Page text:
We must address the dangers of e-cigarettes and dual use

As we mark 60 years since the U.S. Surgeon General’s report Smoking and Health and the significant strides public health policies have made against tobacco-related diseases, it’s crucial to recognize that the battle is far from over.

The narrative surrounding e-cigarette use has focused solely on harm reduction without adequately considering the risks posed by dual use and the potential for new health complications. As smoking rates decline and e-cigarette use rises, it has become imperative to address this knowledge gap, especially since a systematic review published in the Lancet noted high rates of dual use (simultaneous use of tobacco and vaping) among adolescents.

Nicotine and tobacco use pose significant health risks to adolescents. Nicotine, a key driver for tobacco addiction, adversely affects adolescent lung development, the immune system, cognitive and mental health, and the brain. Adolescents exposed to tobacco are also at increased risk of becoming long-term users, facing a lifetime of higher risk of non-communicable diseases such as cardiovascular disease, cancers and chronic respiratory conditions.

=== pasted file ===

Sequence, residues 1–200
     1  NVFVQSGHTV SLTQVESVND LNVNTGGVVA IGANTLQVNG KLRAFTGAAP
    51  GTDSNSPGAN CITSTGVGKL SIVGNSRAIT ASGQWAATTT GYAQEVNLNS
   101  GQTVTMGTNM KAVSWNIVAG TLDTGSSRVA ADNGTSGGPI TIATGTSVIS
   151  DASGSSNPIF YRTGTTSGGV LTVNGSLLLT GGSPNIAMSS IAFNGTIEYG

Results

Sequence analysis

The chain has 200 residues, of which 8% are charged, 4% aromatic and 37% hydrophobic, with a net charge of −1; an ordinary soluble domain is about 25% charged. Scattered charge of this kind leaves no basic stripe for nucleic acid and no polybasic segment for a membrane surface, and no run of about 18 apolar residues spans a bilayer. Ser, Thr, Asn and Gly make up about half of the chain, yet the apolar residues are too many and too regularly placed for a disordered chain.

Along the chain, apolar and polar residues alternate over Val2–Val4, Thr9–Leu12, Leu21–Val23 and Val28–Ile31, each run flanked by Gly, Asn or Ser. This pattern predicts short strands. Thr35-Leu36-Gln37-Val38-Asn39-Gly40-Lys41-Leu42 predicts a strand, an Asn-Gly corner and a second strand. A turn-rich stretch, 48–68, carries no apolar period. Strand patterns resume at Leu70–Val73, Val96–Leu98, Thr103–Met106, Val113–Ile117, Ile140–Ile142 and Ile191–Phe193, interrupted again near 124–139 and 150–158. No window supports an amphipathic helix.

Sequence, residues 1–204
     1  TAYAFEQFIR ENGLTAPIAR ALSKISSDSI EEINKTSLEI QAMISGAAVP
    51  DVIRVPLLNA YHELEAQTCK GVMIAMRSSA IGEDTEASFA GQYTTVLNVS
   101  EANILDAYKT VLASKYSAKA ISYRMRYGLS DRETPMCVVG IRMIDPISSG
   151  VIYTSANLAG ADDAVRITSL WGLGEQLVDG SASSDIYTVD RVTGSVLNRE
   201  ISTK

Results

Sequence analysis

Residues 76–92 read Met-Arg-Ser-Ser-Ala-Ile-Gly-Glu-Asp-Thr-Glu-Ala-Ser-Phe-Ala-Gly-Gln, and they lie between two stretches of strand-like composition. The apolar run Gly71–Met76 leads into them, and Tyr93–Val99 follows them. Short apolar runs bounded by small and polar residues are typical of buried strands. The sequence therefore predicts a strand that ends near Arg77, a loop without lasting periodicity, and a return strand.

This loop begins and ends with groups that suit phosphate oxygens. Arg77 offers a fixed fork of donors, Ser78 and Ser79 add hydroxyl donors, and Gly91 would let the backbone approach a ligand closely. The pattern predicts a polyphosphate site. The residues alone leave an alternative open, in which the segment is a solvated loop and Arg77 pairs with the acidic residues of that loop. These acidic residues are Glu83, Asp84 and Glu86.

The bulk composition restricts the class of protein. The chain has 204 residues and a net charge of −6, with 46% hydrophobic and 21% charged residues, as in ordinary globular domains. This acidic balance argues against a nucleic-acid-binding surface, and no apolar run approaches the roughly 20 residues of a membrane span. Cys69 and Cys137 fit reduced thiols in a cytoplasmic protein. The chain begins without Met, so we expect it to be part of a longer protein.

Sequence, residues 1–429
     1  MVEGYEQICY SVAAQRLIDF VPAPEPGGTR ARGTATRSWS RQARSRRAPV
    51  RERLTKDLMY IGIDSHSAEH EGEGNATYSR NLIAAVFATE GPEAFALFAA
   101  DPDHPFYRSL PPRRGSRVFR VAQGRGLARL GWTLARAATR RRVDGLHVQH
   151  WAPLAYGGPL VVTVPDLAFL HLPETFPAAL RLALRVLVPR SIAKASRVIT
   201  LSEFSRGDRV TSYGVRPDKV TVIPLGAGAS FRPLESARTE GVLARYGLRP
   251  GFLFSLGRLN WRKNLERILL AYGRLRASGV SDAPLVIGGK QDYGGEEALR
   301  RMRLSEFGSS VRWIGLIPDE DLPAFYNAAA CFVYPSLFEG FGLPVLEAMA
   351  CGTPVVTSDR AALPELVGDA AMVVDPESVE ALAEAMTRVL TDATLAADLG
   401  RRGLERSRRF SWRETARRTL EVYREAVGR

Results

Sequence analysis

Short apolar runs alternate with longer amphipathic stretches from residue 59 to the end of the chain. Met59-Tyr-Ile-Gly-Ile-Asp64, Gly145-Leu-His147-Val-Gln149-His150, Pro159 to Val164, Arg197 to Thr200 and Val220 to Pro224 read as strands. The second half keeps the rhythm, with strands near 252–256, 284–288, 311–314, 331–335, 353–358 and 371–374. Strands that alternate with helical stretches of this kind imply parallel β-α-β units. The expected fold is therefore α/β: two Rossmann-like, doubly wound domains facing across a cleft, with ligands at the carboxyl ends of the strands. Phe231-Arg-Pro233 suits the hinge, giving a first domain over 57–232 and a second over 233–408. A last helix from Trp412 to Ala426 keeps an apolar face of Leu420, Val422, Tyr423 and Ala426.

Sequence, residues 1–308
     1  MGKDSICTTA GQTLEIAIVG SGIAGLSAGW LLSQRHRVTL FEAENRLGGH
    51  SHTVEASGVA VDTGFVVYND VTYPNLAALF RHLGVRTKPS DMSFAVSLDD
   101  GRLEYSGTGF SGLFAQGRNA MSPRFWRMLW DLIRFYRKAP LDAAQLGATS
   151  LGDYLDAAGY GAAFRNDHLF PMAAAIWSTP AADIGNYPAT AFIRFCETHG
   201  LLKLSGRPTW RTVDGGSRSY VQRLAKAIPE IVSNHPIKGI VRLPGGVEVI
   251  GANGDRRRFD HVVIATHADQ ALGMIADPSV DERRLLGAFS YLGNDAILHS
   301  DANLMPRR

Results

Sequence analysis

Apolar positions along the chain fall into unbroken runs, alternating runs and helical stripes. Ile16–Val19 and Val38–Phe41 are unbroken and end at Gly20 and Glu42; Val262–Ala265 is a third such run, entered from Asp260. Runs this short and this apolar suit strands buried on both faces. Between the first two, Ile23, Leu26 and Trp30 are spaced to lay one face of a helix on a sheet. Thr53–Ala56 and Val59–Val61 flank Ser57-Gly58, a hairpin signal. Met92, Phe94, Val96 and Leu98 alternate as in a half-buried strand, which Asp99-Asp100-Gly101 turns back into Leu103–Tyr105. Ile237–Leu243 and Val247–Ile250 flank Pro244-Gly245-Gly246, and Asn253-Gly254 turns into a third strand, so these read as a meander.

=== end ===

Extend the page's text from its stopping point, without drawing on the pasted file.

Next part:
A recent National Academies of Science, Engineering and Medicine (NASEM) study emphasizes the need for research on both the patterns and varying contexts of dual use to inform public policy on youth cigarette smoking and e-cigarette use.

A recent analysis investigating dual and poly-nicotine and tobacco product use among U.S. adolescents revealed a concerning increase between 2011 and 2022. The most common combination was the concurrent use of smoking and novel products including vaping. A report from the Centres for Disease Control and Prevention found that among current users in middle and high school, 31 per cent have used multiple nicotine and tobacco products over the past 30 days.